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Kiwibank Plans To Seek Funding Offshore

Fuseworks Media
Fuseworks Media

Wellington, Aug 20 NZPA - Kiwibank is for the first time planning to seek funding offshore, due to the pressure on domestic funding sources.

Chief executive Sam Knowles said the move had been inevitable but was being brought forward a couple of years from what was previously expected.

The pressure on domestic funding was a consequence of the Australian-owned banks trying to raise more of their money in New Zealand, he said.

M r Knowles was not concerned at the move and said it was just something Kiwibank had to do to manage its margins, because funds could be raised more cheaply offshore than domestically.

In the short term, Kiwibank was looking to raise small amounts offshore, in the region of hundreds of millions of dollars.

Kiwibank today reported a normalised after-tax profit for the year to the end of June of $52.5 million, up 43 percent from $36.8 million last year.

The profit did not include an additional $11.1m that resulted from a structural change in the ownership of the bank by New Zealand Post. Profit including that was $63.6m.

Mr Knowles said in the last year loans and advances increased 52 percent from $5.6 billion to $8.5 billion and retail deposits increased 39 percent from $4.8 billion to $6.7 billion.

Impaired loans increased from $4m to $19m over the year, representing 0.2 percent of total assets, a lower ratio than those of Kiwibank's competitors.

Non-performing loans had "quite an increase" between Christmas and about March, Mr Knowles said.

"But it's come right back again. So the level that we are seeing, on a month-by-month basis, of the number of customers not paying us when due, is very, very stable as a percentage of the portfolio," he said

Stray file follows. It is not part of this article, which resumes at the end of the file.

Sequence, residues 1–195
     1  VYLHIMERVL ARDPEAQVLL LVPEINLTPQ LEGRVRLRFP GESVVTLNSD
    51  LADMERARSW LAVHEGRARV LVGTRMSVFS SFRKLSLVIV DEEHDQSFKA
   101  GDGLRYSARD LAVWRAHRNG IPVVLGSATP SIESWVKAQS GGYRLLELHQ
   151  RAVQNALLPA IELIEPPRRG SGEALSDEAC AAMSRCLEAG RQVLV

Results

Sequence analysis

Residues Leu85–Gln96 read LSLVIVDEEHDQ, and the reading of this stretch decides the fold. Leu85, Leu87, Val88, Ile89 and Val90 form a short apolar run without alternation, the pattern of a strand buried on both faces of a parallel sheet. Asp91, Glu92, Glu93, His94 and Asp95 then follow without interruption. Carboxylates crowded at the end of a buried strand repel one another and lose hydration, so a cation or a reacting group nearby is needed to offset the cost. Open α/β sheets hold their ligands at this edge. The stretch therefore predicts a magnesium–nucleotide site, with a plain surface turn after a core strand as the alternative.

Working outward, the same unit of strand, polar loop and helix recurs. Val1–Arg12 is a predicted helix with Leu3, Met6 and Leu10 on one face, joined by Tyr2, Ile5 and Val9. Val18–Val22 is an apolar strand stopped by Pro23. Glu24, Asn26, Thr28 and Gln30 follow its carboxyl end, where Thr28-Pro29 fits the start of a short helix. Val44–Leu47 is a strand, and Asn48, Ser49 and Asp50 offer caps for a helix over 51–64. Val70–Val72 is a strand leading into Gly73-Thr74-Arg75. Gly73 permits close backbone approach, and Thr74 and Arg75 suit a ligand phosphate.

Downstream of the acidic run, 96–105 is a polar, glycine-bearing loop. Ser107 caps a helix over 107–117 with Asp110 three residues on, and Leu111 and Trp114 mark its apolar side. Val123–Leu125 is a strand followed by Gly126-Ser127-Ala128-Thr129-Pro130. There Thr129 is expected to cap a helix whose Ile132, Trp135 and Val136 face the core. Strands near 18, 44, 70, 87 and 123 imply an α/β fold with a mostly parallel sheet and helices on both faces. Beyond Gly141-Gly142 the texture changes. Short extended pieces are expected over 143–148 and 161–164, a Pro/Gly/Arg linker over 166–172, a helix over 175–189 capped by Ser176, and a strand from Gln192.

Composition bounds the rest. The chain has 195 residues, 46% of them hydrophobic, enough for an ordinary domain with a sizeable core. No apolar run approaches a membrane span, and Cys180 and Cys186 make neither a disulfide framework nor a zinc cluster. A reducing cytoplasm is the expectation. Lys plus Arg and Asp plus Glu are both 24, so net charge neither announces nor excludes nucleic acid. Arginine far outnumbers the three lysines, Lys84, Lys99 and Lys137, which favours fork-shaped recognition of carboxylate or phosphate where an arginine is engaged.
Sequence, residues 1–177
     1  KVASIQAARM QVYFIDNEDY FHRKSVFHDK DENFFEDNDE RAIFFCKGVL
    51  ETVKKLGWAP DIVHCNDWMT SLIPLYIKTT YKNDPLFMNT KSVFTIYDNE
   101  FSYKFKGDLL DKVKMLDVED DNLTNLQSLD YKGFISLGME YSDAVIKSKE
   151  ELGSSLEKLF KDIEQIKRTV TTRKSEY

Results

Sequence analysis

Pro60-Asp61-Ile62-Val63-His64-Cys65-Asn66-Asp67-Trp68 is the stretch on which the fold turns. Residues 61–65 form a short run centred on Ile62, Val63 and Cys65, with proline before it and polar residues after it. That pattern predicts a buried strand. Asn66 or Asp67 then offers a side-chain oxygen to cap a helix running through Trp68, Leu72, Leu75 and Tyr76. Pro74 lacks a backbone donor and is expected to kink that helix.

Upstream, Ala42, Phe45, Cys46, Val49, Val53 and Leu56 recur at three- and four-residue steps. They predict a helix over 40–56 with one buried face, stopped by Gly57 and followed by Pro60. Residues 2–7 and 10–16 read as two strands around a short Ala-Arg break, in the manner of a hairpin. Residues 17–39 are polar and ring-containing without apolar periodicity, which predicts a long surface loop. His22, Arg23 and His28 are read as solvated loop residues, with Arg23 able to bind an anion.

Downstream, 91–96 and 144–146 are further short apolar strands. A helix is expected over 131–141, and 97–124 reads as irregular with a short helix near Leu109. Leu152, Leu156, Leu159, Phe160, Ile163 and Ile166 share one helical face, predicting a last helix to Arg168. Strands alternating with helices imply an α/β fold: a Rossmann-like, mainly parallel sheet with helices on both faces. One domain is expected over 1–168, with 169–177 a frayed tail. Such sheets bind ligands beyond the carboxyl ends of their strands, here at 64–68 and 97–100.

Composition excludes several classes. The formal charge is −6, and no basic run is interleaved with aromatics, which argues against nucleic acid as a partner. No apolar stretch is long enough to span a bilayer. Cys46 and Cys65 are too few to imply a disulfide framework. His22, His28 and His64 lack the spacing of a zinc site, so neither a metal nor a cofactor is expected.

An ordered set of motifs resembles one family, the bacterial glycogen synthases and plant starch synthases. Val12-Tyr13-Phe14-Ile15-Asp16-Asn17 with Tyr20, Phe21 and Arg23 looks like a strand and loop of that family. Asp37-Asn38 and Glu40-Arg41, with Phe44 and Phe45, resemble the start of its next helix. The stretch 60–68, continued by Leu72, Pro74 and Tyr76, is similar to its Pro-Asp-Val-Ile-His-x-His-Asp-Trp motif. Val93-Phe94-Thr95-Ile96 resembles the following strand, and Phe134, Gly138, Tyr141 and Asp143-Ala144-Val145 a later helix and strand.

In the first half of the financial year much of the lending growth came from people with mortgages refinancing and moving from other banks.

In the second half much more had come from first home owners.

The issue of when Kiwibank would pay a dividend was something discussed regularly with the shareholder.

"Obviously, the bigger they want it to be, then the less dividend they're going to get in the short term, and the more dividend they're going to get in the long term," Mr Knowles said.

Kiwibank also announced today it was ending its links with the Mercer KiwiSaver scheme, effective from September 30.

Mr Knowles said Kiwibank had acted as a retail partner for Mercer, making information about the scheme available in brochures and on its website.

The nature of this role meant Kiwibank was not involved in investment decisions.

"However, because we now have our own wealth management division and are considering being more actively involved in the superannuation and managed funds sector, we believe it is essential that we bring our involvement with Mercer to an end."

Mercer has about 70,000 KiwiSaver members and Mercer's New Zealand business leader, Martin Lewington, said it was business as usual for these members.

"Mercer has managed the funds of these members during our relationship with Kiwibank and we will continue to do so now it has ended," he said.

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